December 21, 2006

Possible Rise In Foreclosures Shows Consequences of Not Planning

Filed under: Biz Weak,Economy,General,Money Tip of the Day — Tom @ 2:42 pm



YES, you need to take this press release with a grain of salt, because it’s from the Center for Responsible Lending, which, though it has its moments, has also been known to go off the deep end (unless you think color-coding credit cards green, yellow, and red based on their “safety” is a good idea).

Nevertheless, the subprime mortgage market is a mess, and there’s a bigger message:

A new Center for Responsible Lending (CRL) study reveals that 2.2 million American households will lose their homes and as much as $164 billion due to foreclosures in the subprime mortgage market. Titled, “Losing Ground: Foreclosures in the Subprime Market and Their Cost to Homeowners,” the CRL study is the first comprehensive, nationwide review of millions of subprime mortgages originated from 1998 through the third quarter of 2006.

CRL’s research suggests that risky lending practices have triggered the worst foreclosure crisis in the modern mortgage market, projecting that one out of five (19.4%) subprime loans issued during 2005-2006 will fail.

CRL is really good at blaming lenders, and they deserve their fair share. But let’s cut to the chase: How many subprime borrowers sat down and figured out if they could afford to take out the loan being offered? The answer is surely very, very few, because if they had, in most cases they would not have done the deal.

Don’t make a financial decision like buying a home, or refinancing (especially if it’s a “cash out” refi where you borrow even more, without making sure that you can afford to do what you’re considering. Fortunately, there’s an easy way to do that:

CYMnow allows you to create what-if scenarios in addition to your basic “budget” and debt elimination schedule. There IS no better and more affordable way to get your act together, and to see if you’ll be able to keep it together after making an important financial decision.

It may seem dreadfully obvious, but it’s also obvious that a lot of folks during the home-price run-up relied in a sense on their lenders to decide if buying or refinancing their homes would work. The problem is that the lenders want to get deals done — Just because the lender’s formulas say you can afford to buy that home or refinance your existing mortgage, that doesn’t mean you can. You have to figure that out for yourself. — Don’t buy or refi a home without it.


UPDATE: Sensible Mom busts Biz Weak for not doing its homework on a couple portraying themselves as deceived by subprime lenders who in all probability knew what they were getting into, and should have known better. There’s no denying that you have to want to get things together for anything to work.



  1. Check out Business Week’s recent article about the looming mortgage default crisis. The magazine features a couple whose home was foreclosed because of their failure to make their payments once their adjustable rate mortgage increased. Under the title “The Foreclosure Factories Vise,” Business Week says,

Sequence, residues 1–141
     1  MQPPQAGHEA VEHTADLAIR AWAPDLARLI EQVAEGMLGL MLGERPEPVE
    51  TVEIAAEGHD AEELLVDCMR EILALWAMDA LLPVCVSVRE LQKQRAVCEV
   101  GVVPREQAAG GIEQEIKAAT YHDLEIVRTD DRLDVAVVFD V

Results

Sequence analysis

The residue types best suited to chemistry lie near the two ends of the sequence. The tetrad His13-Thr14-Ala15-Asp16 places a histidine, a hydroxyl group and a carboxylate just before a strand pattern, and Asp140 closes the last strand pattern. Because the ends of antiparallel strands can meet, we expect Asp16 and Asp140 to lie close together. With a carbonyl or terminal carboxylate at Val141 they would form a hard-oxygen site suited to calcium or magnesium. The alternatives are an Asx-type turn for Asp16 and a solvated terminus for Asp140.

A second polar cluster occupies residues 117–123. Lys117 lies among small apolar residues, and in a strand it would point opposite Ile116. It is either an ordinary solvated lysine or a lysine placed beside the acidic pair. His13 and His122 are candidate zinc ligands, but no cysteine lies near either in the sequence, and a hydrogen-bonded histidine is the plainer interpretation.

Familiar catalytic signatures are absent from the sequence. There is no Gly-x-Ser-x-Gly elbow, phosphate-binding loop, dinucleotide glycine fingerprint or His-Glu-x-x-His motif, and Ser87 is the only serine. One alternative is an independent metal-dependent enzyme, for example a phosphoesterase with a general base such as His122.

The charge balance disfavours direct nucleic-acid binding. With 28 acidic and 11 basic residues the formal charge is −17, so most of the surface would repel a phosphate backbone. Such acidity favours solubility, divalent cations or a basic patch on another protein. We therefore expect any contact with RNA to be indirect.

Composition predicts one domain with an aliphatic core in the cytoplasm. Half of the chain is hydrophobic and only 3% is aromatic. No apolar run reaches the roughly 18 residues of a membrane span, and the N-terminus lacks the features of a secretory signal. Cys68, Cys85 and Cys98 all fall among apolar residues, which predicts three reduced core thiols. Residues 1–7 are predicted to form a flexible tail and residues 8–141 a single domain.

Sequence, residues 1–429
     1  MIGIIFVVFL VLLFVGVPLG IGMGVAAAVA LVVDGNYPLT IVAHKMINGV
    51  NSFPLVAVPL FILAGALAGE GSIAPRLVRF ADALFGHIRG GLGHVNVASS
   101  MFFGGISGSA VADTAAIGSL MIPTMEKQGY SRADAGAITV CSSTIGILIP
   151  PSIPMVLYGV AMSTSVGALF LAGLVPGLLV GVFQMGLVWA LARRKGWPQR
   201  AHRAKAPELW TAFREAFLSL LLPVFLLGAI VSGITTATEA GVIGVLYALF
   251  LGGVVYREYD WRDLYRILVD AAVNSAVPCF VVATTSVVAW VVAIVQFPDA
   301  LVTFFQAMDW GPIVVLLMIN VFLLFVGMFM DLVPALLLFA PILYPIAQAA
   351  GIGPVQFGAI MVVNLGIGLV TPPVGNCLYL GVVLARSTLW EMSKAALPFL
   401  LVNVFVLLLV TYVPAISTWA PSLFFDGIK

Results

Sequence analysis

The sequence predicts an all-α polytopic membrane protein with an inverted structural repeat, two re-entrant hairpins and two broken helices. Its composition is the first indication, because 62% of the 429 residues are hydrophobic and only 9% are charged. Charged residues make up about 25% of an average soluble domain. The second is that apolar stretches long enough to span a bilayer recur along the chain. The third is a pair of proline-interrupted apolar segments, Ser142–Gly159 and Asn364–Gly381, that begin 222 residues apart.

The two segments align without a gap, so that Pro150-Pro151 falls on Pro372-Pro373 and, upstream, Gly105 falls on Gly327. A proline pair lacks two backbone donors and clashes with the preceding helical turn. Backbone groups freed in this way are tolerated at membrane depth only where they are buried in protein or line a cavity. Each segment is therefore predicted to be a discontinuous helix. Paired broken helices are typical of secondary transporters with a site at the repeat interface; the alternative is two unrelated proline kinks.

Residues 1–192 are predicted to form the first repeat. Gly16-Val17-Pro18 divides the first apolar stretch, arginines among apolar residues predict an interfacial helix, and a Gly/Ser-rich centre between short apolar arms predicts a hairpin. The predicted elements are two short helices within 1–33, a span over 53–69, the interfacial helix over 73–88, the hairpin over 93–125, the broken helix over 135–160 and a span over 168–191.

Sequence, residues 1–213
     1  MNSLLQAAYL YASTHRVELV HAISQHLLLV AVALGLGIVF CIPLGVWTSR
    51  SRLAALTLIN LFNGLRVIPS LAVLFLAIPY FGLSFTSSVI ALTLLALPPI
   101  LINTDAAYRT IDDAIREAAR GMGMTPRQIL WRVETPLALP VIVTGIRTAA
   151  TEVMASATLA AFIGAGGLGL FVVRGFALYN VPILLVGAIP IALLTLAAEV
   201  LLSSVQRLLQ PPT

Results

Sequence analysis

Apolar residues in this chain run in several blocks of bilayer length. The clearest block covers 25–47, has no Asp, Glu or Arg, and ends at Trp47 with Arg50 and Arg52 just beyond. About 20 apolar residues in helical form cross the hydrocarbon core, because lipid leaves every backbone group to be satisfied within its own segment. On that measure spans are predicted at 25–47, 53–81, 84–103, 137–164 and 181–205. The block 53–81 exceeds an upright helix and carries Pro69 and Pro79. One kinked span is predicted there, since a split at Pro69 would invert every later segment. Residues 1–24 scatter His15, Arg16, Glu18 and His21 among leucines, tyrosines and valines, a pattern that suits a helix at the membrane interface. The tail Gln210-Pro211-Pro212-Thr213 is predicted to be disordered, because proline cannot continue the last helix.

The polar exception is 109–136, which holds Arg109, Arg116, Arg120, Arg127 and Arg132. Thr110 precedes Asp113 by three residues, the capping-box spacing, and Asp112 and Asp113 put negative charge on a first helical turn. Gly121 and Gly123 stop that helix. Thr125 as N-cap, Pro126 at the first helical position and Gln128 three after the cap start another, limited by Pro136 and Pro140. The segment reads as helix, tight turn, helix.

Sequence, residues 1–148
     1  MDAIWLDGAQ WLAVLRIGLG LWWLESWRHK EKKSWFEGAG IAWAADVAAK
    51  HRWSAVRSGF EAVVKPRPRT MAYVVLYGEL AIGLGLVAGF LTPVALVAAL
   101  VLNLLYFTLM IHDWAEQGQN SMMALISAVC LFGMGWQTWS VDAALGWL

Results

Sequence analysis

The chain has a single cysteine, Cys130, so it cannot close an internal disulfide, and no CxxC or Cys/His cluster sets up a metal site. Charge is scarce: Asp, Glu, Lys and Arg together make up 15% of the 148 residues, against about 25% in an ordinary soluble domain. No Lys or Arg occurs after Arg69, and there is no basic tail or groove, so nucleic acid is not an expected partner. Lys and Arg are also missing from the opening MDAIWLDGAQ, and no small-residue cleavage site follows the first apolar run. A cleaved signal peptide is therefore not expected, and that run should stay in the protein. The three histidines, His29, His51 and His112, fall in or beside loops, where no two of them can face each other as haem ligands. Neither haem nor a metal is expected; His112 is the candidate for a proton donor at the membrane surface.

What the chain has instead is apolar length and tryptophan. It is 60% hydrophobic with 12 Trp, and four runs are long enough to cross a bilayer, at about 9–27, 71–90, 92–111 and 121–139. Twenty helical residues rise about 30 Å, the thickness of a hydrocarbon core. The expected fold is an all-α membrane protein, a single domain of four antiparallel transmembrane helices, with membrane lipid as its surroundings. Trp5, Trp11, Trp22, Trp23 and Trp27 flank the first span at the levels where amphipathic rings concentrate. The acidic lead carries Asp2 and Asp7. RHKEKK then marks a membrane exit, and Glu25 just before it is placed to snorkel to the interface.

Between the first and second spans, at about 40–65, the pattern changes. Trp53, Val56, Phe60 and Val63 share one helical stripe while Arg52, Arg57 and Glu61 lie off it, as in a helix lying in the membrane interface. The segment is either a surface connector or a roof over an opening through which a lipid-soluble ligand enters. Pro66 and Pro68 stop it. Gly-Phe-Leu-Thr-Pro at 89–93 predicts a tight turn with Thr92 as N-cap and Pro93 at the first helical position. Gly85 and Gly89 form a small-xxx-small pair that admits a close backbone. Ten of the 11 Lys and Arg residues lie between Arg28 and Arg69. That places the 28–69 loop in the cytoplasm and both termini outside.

“Randy and Jennifer Rimstad of Minnetonka, Minn., refinanced their mortgage in 2004 to replace a 50-year-old furnace and pay for their youngest daughter’s wedding. In May, their interest rate jumped to 8.55% from 5.55%, pushing their monthly payment from $1,654.81 to $2,295.68…”

    So after reading that paragraph you feel bad for the Rimstad’s right? After all, Business Week claims they only wanted to pay for their daughter’s wedding and stay warm in the winter.

    However, if you do a search of the Rimstad’s property and some simple calculations in excel and you learn that Business Week has hidden the Rimstad’s poor financial decisions to garner sympathy for them.

    According to the Hennepin County property tax website (input the address to see the data) the Rimstad’s purchased the property at 3642 Robinwood Terrace, Minnetonka, Minnesota in June 1983 for $84,000, their taxes due in 2006 total $3,555.24 and the house is currently valued at $257,700.

    We know from the article that the Rimstad’s interest rate and monthly payment at the time of refinancing were 5.55% and $1654.81, respectively. Assuming they chose a 30-year mortgage and assuming that they escrowed their property tax payment as part of their new mortgage, they would have refinanced $238,000. That’s one hell of a wedding and furnace!

    To be sure there are some loan service companies that are acting illegally, but the bulk of the defaults will occur because borrowers, like the Rimstad’s, wanted more than they could afford.

    If only Business Week would be honest in its reporting and properly acknowledge that many foreclosures occur because of bad and greedy decisions by consumers, not only because of unscrupulous lenders.

    Comment by Sensible Mom — December 21, 2006 @ 2:07 pm

  2. #1, That’s interesting and I’ll bet not unusual.

    There is a greed factor that’s undeniable, driven by by wanting stuff but also my not looking at (or not caring to look at) what you can afford. I won’t deny that what I’m offering won’t help people who don’t want to know, or don’t care to know.

    I call it Biz Weak for a reason.

    Comment by TBlumer — December 21, 2006 @ 2:43 pm

  3. Thanks for the link!

    Comment by Sensible Mom — December 21, 2006 @ 2:56 pm

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